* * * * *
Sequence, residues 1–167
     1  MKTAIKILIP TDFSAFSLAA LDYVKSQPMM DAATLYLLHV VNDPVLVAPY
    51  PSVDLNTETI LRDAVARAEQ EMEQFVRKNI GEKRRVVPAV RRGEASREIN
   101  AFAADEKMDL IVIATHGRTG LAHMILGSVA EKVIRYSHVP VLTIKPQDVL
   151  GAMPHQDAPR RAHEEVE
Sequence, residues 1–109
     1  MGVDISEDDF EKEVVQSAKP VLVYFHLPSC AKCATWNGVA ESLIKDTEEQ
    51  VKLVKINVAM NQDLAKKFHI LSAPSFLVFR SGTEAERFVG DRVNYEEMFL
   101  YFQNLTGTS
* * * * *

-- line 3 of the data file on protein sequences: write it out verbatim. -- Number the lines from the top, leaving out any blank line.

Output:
    51  PSVDLNTETI LRDAVARAEQ EMEQFVRKNI GEKRRVVPAV RRGEASREIN